Lance Ruttenberg knows too well how fast President Donald Trump’s China trade policies can change.
As president and CEO of American Textile Co., he and his team spent weeks on a comprehensive study analyzing how a 10% tariff set for Sept. 1 would affect their business, which makes thousands of bedding items for hundreds of retailers.
Then on Tuesday, Ruttenberg learned the tariffs on his type of goods would be delayed until the holidays. And while the news brought momentary relief, he’s still trying to sort out what it all means.
“Everybody is in a confused state,” Ruttenberg said. “We are not afraid of challenges. But it’s hard to address challenges when you have no ability to predict them or anticipate them. This constant uncertainty is a terrible burden to navigate.”
Welcome to the world of Trump’s tariff wars with China, which can turn everything upside-down with just a presidential tweet.
Trying to run a business when the administration’s trade policy continues to shift almost daily has been difficult, and many retailers and consumer product makers like American Textile say they’re devoting so much time adjusting to each whim that they can’t focus on other areas like developing innovative products.
Items targeted for tariffs pop up on one list, only to be dropped months later or vice versa. Meanwhile, businesses are left to change their supply network modeling as often as weekly instead of semi-annually or annually, says Fred Baumann, global group vice president at JDA, a technology company that works with retailers on their sourcing network.
Company executives also complain that it’s hard to offer financial forecasts, which in turn makes it more difficult to get loans.
“It’s very frustrating,” said David French, senior vice president of government relations at the National Retail Federation, the nation’s largest retail trade group. “Retailers want to get back to competing and driving customers to their stores. Retailers want to be investing to become better retailers, not moving around their supply chain that is subject to a presidential tweet.”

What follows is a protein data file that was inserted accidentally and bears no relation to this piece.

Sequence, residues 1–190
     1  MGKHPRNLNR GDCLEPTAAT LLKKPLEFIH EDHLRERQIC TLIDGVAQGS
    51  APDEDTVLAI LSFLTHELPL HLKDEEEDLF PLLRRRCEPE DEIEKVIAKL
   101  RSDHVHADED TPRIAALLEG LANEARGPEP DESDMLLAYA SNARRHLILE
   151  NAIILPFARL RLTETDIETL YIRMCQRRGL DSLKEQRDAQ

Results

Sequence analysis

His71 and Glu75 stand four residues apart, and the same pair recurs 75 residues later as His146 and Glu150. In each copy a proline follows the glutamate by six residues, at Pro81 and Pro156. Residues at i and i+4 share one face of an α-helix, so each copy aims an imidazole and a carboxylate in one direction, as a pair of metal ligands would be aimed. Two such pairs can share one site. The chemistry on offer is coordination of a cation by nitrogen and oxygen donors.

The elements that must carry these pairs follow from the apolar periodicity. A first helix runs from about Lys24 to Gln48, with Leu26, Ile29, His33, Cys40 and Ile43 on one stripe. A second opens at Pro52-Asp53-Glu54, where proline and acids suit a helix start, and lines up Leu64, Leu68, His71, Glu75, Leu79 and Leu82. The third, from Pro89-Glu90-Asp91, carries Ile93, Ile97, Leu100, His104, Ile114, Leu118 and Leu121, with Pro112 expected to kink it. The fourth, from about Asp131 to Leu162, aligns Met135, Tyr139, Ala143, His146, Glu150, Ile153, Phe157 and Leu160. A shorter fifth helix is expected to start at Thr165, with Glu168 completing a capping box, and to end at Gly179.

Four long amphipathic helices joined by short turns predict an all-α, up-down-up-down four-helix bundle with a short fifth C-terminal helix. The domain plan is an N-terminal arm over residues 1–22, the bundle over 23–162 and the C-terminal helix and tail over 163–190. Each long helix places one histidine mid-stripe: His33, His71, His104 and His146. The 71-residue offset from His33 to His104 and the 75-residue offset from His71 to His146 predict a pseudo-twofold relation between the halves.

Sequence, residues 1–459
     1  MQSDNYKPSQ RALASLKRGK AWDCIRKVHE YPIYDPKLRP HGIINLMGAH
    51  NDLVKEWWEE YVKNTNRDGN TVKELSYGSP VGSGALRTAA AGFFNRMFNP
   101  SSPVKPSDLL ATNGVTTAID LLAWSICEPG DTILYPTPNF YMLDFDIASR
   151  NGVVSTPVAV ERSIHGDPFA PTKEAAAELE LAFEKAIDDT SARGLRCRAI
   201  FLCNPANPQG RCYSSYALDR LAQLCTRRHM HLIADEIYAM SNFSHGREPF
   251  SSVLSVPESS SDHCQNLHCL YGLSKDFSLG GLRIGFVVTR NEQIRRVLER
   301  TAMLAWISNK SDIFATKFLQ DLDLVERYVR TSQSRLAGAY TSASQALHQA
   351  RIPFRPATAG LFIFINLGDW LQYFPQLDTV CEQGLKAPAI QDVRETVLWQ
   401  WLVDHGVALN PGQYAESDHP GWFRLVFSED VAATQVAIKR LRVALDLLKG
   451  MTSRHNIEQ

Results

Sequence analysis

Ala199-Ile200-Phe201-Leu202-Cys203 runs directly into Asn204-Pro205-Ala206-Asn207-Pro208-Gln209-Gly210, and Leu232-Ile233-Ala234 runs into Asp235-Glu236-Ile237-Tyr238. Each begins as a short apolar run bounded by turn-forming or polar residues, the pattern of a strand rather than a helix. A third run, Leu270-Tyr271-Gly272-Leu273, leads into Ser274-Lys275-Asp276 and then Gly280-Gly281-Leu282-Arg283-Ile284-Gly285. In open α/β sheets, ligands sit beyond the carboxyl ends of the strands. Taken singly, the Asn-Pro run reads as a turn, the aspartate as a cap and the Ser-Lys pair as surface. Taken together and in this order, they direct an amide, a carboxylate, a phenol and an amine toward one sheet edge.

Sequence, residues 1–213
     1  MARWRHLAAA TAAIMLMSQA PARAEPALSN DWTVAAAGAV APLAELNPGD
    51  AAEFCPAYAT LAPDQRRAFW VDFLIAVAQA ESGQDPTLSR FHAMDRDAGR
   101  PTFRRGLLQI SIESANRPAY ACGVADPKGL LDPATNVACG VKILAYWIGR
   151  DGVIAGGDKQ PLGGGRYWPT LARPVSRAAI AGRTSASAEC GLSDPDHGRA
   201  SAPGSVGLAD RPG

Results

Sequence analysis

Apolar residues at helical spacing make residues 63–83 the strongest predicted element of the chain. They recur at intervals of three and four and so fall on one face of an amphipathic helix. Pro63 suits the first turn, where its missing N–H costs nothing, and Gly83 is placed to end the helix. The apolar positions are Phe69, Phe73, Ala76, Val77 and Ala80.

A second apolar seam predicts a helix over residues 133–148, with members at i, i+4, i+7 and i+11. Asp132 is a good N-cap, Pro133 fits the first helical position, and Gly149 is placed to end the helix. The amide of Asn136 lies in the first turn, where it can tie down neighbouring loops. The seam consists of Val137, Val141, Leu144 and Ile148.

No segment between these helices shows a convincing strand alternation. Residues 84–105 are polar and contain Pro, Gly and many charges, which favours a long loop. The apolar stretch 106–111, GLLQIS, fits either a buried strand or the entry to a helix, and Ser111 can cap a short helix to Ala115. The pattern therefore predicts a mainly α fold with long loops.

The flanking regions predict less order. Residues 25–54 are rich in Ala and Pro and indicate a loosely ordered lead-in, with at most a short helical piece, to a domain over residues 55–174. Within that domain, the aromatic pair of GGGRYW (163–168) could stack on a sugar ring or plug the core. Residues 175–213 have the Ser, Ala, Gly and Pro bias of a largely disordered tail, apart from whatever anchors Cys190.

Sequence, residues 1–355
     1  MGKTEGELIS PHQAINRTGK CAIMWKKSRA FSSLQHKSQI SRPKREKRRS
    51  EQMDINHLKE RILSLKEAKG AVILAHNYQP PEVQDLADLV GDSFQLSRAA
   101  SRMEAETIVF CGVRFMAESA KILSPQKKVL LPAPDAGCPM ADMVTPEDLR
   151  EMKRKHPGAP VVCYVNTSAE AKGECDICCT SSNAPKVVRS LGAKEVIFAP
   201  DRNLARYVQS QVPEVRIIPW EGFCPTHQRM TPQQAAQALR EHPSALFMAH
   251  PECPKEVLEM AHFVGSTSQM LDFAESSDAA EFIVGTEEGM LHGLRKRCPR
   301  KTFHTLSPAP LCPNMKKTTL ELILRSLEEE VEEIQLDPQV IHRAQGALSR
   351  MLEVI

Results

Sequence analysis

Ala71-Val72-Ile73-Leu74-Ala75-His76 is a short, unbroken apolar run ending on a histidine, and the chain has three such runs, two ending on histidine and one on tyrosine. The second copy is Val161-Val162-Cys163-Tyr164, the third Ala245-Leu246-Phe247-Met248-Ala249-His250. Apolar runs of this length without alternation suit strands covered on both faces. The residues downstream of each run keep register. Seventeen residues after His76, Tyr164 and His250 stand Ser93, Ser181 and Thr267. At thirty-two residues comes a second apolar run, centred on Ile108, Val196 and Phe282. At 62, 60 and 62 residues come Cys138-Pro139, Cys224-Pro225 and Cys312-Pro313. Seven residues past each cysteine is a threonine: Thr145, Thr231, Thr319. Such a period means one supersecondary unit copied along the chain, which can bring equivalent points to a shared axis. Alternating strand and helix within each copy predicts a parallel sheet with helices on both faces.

Trump has already imposed 25% tariffs on $250 billion in Chinese imports. The 10% tariffs on about another $300 billion would extend import taxes to just about everything China ships to the United States.
The new tariffs are likely to be a game changer: The earlier ones were designed to limit the impact on consumers by targeting industrial goods. The next ones, which target items such as toys and clothing, will hit families in the pocketbook.
Mindful that the latest round would raise consumer prices during the crucial holiday shopping season, the administration delayed nearly 60% of them until Dec. 15.
Businesses say they spent hours culling through the lists to see which items were delayed and which weren’t. Meanwhile, analysts will be dissecting comments by retailers over the next couple of weeks when they report fiscal second-quarter earnings to see how the tariffs have been playing out.
Many have not incorporated the last round of tariffs into their financial guidance given the uncertainty. But Macy’s raised a red flag Wednesday when it said shoppers don’t have an appetite for higher prices in a ballooning trade war.
The department store chain was forced to raise prices on some luggage, housewares and furniture to offset the costs of the 25% tariff implemented in May and its CEO Jeff Gennette says the retailer is working hard to offset the looming costs of tariffs on shoes and clothing.
Jay Foreman, CEO of Basic Fun, based in Boca Raton, Florida, said that if the 10% tariffs had kicked in in September as previously planned, he would have had to raise prices as well as lay off workers. He also had letters of intent to buy two companies and wasn’t sure if he would have to postpone the acquisitions.
Now with the December delay, he has a little bit more time to work with retailers to negotiate prices for next spring. But he says it’s taking a lot of time out of his schedule to innovate.
Joseph Shamie, president of Delta Children, a New York-based maker of children’s cribs and other baby furniture, said he had already negotiated the costs that retailers, factories as well as his own company would absorb to offset the 10% tariffs he thought would happen this fall. Now, he will have to renegotiate.
“We really thought it would go away,” Shamie said. “Maybe we were naive.”
AP Economics Writer Paul Wiseman in Washington contributed to this report.
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